2014 ended with a bang February 4, 2015Posted by Maury Markowitz in Uncategorized.
I’ve been writing this blog for five years now. I started it to cover the goings-on at AECL, but it emerged as something larger, covering renewables as well. And what happened to renewables in those five years I never would have predicted. Here’s a couple of quick notes to start off the year.
2008’s oil peak-n-boom dumped a whole lot of money into two things; oil and gas exploration, and renewable energy development. Today, about six years later, we are reaping the benefits of both. US oil production has roughly tripled, almost to its historical peak of 1970. This has caused them to become the world’s largest producer, as well as causing the prices to crash.
And as quickly as oil and gas prices fell, the cost of renewables did the same. I simply did not expect it to be anywhere near as rapid or as deep as what has actually occurred. Wind is now the cheapest form of electricity in the world. Period. Natural gas co-gen plants, these days hitting efficiency levels over 50%, are very close behind. And only slightly behind them is solar PV. Up from them is coal. Coal! The formerly cheapest form of power isn’t even competitive any more. And way behind that is, well, everything else.
And because of all this motion in pricing, renewables are no longer a fringe topic. They are now covered, in depth, by many groups. And one that’s really picked up the flag and run with it is Lazard, a large investment intelligence firm. They started publishing updates on energy pricing some time ago, and they are one of the most up-to-date and accurate sources available.
Well their latest report is out, Version 8, and it can be summed up as “more of same”. The astonishing downward pricing pressure on PV and wind continues unabated. The price of solar, in particular, is now below the price that was predicted only three years ago as the absolute lowest price it could possibly go based on production inputs only. So much for that!
Here’s what Lazard shows for current projects going in over the last two years:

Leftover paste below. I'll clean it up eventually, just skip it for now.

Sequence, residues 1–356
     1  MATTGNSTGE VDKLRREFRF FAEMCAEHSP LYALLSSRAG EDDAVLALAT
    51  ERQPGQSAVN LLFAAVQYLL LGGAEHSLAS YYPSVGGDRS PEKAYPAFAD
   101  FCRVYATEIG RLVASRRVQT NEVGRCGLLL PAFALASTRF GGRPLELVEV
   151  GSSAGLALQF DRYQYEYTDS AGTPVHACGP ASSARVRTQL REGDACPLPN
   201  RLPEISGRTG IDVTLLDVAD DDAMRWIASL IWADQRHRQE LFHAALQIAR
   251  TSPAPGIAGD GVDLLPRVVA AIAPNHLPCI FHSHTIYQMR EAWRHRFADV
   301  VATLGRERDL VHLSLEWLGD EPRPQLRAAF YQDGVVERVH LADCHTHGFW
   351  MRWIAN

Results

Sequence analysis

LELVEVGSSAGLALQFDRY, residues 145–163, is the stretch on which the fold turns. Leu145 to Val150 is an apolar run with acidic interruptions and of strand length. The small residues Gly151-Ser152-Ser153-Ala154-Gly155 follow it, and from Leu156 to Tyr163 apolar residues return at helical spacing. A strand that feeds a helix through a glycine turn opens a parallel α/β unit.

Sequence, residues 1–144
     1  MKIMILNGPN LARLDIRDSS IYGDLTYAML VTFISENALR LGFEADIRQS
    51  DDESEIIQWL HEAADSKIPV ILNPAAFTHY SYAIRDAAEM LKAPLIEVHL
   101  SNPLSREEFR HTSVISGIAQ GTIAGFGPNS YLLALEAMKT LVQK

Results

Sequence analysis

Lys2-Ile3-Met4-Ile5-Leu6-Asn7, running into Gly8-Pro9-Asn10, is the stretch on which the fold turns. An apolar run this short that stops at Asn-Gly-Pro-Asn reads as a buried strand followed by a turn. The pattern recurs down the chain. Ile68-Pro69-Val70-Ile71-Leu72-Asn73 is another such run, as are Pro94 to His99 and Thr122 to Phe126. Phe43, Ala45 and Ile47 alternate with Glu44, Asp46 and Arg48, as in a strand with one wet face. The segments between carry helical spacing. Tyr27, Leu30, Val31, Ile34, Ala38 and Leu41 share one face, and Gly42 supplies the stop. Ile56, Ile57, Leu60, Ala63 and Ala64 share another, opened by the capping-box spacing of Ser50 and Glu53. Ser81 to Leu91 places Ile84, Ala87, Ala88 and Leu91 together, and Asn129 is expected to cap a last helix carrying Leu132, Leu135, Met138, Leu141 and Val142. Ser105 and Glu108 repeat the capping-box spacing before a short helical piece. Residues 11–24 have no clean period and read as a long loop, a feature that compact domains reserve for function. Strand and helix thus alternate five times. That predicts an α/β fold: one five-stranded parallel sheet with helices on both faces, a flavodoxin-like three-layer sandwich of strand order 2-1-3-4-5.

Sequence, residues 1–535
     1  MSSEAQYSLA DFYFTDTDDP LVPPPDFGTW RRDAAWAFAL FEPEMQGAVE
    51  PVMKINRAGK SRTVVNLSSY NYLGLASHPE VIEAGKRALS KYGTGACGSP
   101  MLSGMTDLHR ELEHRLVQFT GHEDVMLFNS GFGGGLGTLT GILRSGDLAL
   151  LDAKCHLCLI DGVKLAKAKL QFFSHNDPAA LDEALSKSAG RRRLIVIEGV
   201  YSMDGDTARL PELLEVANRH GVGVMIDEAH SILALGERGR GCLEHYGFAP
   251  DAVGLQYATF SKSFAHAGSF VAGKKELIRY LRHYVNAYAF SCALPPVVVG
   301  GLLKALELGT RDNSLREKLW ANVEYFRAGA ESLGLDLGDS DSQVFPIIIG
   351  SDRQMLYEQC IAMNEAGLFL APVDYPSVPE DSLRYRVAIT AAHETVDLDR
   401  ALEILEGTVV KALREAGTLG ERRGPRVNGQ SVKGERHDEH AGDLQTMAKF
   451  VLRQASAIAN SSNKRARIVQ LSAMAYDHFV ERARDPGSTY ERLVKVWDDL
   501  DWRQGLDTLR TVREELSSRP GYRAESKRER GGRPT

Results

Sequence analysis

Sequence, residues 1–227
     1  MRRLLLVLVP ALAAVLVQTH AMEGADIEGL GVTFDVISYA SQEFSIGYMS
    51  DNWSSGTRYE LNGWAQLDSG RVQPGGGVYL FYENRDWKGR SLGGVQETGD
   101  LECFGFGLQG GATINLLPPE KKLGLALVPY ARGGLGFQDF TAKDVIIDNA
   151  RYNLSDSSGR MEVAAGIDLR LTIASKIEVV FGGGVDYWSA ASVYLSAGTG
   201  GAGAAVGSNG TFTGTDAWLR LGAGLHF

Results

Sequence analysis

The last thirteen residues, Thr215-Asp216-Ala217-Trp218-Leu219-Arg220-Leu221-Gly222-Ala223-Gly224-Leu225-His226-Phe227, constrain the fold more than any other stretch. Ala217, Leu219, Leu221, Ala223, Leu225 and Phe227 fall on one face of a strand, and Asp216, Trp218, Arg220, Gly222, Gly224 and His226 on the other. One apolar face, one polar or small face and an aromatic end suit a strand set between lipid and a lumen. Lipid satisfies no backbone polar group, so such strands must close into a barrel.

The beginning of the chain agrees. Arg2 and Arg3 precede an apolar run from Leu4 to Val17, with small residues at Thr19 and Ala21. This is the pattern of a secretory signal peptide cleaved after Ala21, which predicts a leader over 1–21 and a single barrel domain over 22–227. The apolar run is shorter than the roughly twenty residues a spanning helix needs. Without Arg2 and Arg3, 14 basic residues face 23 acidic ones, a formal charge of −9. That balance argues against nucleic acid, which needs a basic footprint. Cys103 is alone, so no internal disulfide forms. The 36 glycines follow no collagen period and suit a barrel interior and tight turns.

|Power source||Average CAPEX||CAPEX range|
|Wind||1.60 $/W||1.40 to 1.80 $/W|
|Commercial ground PV||1.50 $/W||1.25 to 1.75 $/W|
|Commercial/Industrial rooftop PV||2.75 $/W||2.50 to 3.00 $/W|
|Residential PV||4.00 $/W||3.50 to 4.50 $/W|
|Geothermal||~6.00 $/W||3.80 to 7.50 $/W|
|Biomass||3.50 $/W||3.00 to 4.00 $/W|
|Coal||~5 $/W||4.00 to 8.05 $/W|
|Nuclear||~8 $/W||5.35 to 8.35 $/W|
|Combined cycle gas||~1.20 $/W||1.05 to 1.32 $/W|
|Gas peaker||0.90 $/W||0.80 to 1.00 $/W|
This explains why the world has installed 80 GW worth of wind and solar every year for the last three, a rate of new supply that far outstrips any form of power in the past. These are, by far, the fastest growing sources anywhere in the world – of all the new power added to the grid in those three years, 72% of it was renewables in Europe, and 68% in China. It’s here in Canada and the US that we’re behind the curve, something I attribute largely to politics.
Now as the astute reader will point out, cost isn’t everything. In fact, for us little guys on the wrong side of the meter, it’s nothing. All we care about is the price.
So let’s look at those numbers, the LCoE. Lazard’s numbers between 2009 and 2014 show a drop in price of wind power from 13 cents/kWh to just over 5 cents/kWh, representing a cumulative decrease of 58%. Solar went from about 36 cents to 7, a decrease of 78%. Solar’s price decrease is slowing, but doing so at a point and a rate far better than anyone ever predicted.
And now we’ll consider the current prices, unsubsidized:
|Power source||Average LCoE||LCoE range|
|Wind||5 c/kWh||3.7 to 8.1 c/kWh|
|Commercial ground PV||7.2 c/kWh||6.0 to 8.6 c/kWh|
|Commercial/Industrial rooftop PV||11 c/kWh|
|Residential PV||12 c/kWh|
|Geothermal||12 c/kWh||8.9 to 14.2 c/kWh|
|Biomass||~10 c/kWh||8.7 to 11.6 c/kWh|
|Coal||~6 c/kWh||6.6 to to 15.1 c/kWh|
|Nuclear||12.4 c/kWh||9.2 to 13.2 c/kWh|
|Combined cycle gas||~6 c/kWh||6.1 to 8.7 c/kWh|
|Gas peaker||~20 c/kWh||17.9 to 23.0 c/kWh|